The Gujarati community has a long tradition of seafaring and a history of immigration to foreign lands. The mercantile culture resulted naturally from the Indian state’s proximity to the Arabian Sea. Although air travel had replaced sea travel by the time I was born, this innate restlessness I feel to explore new lands is something that is irrevocably embedded in me.
“Eastern beliefs, in particular, view ancestors as a ‘bridge’ between human existence and God. They have the power to aid us and help us in times of trouble as well as bless us as we go forth on our journey. In The Merchant of Stories, I touched on how the bonds we have with those who have passed on does not end with their death.”
I’m at that point in my creative journey where writing for myself or for the sake of creating something holds very little appeal to me. I have come to view my work as an act of worship, devotion and dedication.
My second novel The Merchant of Stories is dedicated to my great-grandmother Kamala Nagindas. I write this, not to honour her death–but to remember her life.
My family was in textiles and I’m in books. Growing up, there were many teachings that my elders passed down to me. There is one story that is firmly imprinted in my mind and comes back to me over and over again.
Being a scientist has forced me to look at everything through black and white tinted glasses. In my wish list of manuals to survive the experience we call ‘life’ I also once wanted a ‘how to write without failing’ manual. Co-incidentally that is when Dipa Sanatani revealed her second book The Merchant of Stories. It is the kind of book I’ve wanted to read for a long time.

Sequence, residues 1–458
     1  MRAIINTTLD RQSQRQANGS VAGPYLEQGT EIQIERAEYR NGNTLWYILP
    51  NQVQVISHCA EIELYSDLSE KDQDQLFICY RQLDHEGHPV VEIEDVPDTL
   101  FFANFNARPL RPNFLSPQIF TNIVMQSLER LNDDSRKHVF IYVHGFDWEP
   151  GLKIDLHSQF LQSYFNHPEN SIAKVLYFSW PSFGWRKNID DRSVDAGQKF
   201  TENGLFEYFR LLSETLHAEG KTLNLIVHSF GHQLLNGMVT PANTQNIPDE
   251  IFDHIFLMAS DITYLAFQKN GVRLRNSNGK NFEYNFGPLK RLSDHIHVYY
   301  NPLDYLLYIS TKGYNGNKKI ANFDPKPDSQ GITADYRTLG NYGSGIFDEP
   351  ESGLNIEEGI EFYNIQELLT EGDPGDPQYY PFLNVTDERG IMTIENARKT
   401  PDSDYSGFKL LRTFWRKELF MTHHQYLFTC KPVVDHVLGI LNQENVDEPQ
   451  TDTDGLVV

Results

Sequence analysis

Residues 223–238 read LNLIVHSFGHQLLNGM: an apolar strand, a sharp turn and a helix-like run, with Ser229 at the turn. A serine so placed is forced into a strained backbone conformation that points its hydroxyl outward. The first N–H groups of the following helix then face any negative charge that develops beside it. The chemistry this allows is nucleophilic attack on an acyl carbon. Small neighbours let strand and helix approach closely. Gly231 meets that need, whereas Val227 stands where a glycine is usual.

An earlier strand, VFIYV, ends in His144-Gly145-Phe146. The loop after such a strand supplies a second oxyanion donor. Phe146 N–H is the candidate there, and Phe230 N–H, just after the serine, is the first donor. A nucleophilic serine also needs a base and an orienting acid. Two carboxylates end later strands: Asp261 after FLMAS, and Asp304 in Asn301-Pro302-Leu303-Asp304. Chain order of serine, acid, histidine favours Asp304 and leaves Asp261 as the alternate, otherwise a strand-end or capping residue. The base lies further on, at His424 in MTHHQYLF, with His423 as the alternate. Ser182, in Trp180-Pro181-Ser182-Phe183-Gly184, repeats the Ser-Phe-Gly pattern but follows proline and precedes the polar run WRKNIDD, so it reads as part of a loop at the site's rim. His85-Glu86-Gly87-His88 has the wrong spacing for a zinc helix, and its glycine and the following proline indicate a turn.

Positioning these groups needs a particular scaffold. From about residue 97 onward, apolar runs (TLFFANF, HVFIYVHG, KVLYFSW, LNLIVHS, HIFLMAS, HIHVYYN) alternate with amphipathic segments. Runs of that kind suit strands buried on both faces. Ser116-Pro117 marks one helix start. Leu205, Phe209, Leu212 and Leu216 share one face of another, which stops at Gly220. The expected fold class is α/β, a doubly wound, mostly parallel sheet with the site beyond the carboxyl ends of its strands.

The creative entrepreneur walks a different path from the technology entrepreneur. She/he needs to wear two hats. The first is the artist hat to define the creative vision of their product or service. The second is the business hat to understand the dynamics of their chosen marketplace and sell it to as many people as possible.Wearing two fundamentally different hats is not easy. Dipa Sanatani leads us through her journey of this balancing act in The Merchant of Stories.
With the creative adjectives and strong imagery, Sanatani painted vivid imagery of the character in my head. This sassy character, Mercury closely reminded me of the Greek God Hermes. From his impeccable attire to his unending knowledge about business and trades, Hermes felt like the Greek counterpart of Mercury.
In the beginning, there was only nature. We lived alongside her laws and her ways. With the annals of time, humans created civilisation. Without the written word, civilisation wouldn’t exist. And it all began with the scribes – the very first wordsmiths who etched their words so they would never be forgotten or lost.
The child in me always believed that somewhere somehow all the living entities in this universe are assisting each other to find their true purpose. This invisible inter-relation of entities is beyond past, present, and future.